Way back in 1798, Thomas Malthus was astonished to see the growing mass of humanity and warned about its consequence. He said, “The power of population is so superior to the power of the earth to produce subsistence for man, that premature death must in some shape or other visit the human race.”
In a matter of a few years from the writing of these words, the global population hit one billion, which has now reached almost 7.5 billion.
Though this exponential growth has not created the situation that Malthus has indicated, it nevertheless has created conditions, such as climate crisis, which has strained the earth’s capacity to generate resources at the optimal level. According to recent research led by the University of Washington and published in The Lancet, the earth’s population will peak at 9.6 billion in 2064.
The contribution of Pakistan to this population bulge will be immense, to say the least. As per the Pakistan Bureau of Statistics sixth census report, Pakistan’s population stands at well over 200 million — a 60% rise from the last census that took place in 1998. This almost unchecked population growth is a governance issue because of the strain it lays on resources leaving the government with limited choices to produce quality human beings — a critical area for the development of a country’s economic base.
At 2.4%, Pakistan’s annual population growth rate is higher than many countries. Not surprisingly we have surpassed Brazil as the fifth most populous country in the world.
Though we take pride in the so-called youth bulge that overpopulation has bestowed upon us, the reality is that this demographic change has led to a rise in urban migration. Today more than 20% of Pakistanis live in 10 major cities.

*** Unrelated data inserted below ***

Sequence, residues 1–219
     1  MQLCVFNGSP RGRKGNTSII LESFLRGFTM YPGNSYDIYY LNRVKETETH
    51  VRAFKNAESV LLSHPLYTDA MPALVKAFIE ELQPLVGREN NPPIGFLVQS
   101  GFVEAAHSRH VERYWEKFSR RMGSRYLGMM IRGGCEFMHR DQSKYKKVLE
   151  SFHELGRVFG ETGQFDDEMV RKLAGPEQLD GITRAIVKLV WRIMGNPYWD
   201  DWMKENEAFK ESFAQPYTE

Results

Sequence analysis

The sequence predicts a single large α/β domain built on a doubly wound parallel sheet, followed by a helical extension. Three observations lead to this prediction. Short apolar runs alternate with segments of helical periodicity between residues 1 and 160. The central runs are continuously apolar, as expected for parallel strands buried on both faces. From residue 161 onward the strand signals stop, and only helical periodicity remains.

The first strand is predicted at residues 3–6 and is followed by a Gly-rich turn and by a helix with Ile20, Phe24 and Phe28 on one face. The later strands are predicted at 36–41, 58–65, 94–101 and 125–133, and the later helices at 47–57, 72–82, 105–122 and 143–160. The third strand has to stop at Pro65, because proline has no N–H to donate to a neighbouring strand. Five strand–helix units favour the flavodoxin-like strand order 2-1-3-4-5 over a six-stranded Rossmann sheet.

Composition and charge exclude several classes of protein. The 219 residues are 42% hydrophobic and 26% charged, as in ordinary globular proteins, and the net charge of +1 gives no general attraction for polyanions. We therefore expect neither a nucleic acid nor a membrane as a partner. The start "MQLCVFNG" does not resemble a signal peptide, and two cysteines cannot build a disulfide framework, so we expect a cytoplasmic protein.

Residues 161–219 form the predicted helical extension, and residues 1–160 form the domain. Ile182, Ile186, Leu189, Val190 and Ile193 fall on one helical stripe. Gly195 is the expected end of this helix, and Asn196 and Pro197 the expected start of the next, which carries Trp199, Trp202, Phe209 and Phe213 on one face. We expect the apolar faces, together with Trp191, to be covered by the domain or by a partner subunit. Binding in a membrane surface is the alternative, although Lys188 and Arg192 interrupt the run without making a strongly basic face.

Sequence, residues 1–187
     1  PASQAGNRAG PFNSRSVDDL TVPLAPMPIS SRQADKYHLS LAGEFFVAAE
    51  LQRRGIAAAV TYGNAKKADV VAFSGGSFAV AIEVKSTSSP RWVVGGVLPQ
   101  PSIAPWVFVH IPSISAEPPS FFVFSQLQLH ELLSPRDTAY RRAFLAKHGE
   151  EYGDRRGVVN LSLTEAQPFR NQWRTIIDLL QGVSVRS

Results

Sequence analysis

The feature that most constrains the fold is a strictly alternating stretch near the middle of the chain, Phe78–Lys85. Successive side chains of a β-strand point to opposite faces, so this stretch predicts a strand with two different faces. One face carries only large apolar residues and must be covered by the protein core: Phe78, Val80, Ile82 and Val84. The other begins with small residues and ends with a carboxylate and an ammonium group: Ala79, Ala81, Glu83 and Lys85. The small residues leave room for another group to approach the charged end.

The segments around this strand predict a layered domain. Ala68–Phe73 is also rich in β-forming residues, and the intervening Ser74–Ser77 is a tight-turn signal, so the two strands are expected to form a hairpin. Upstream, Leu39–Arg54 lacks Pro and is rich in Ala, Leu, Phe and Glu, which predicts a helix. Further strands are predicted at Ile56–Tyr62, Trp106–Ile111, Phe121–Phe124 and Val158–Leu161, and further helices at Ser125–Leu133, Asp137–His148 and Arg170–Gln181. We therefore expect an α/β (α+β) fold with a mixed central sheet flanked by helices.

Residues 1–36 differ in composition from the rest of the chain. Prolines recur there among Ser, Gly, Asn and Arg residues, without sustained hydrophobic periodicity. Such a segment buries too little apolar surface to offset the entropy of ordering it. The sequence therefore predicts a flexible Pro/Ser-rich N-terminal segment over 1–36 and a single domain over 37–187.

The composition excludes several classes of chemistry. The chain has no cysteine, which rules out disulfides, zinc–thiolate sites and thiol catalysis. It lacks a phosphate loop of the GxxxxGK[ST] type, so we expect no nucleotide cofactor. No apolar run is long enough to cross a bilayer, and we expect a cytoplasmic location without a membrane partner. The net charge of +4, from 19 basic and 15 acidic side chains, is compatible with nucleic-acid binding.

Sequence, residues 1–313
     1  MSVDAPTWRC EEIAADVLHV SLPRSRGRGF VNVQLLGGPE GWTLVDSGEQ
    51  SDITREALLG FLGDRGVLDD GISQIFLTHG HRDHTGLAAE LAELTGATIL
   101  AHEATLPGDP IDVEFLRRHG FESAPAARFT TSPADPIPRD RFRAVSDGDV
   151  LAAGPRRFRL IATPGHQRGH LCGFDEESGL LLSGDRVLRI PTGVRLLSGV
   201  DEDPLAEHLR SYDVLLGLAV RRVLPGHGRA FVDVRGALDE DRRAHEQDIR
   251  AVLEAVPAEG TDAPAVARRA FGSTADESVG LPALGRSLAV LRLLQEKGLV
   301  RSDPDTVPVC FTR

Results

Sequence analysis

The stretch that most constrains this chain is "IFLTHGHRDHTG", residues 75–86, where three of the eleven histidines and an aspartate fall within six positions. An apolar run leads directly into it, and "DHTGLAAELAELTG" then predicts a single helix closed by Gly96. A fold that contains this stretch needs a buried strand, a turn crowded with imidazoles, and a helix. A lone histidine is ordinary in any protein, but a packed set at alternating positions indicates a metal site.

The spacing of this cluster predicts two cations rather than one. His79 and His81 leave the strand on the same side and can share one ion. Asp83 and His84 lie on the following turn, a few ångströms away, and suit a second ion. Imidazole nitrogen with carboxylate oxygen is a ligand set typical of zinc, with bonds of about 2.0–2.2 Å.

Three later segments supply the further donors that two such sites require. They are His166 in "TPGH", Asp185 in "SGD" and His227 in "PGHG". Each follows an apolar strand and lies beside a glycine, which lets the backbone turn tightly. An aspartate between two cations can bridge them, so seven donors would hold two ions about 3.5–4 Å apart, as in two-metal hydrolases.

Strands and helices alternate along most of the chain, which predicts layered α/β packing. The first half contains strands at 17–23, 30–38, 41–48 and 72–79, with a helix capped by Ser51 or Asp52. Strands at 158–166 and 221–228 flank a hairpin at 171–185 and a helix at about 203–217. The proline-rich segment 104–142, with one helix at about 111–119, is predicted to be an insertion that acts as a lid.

The young people unable to find job opportunities in villages and small towns are forced to move to cities. Had the government planned to create new cities, as is the practice throughout the developing world, we might have had fewer issues as regards to employment opportunities, high inflation, and unplanned urbanisation.
According to some reports, urbanisation in Pakistan is growing at an annual rate of 3%, which is the highest growth rate in South Asia. The United Nations Population Division estimates that “by 2025 nearly half the country’s population will live in urban areas.” Are we aware of the crisis this will generate?
There is a direct correlation between demography and security. Historically, population growth has been one of the destabilising factors in the least developed countries. Young people are usually more susceptible to extreme behaviours. A study conducted by Population Action International shows that about 80% of the world’s civil conflicts since the 1970s have occurred in countries with young, fast-growing populations.
Ideally, we should have used the demographic power to our advantage, but lack of investment in education and the inability of the state to produce economic opportunities through the development of manufacturing sector, the youth bulge has become a liability, which can be a serious threat to the country’s security.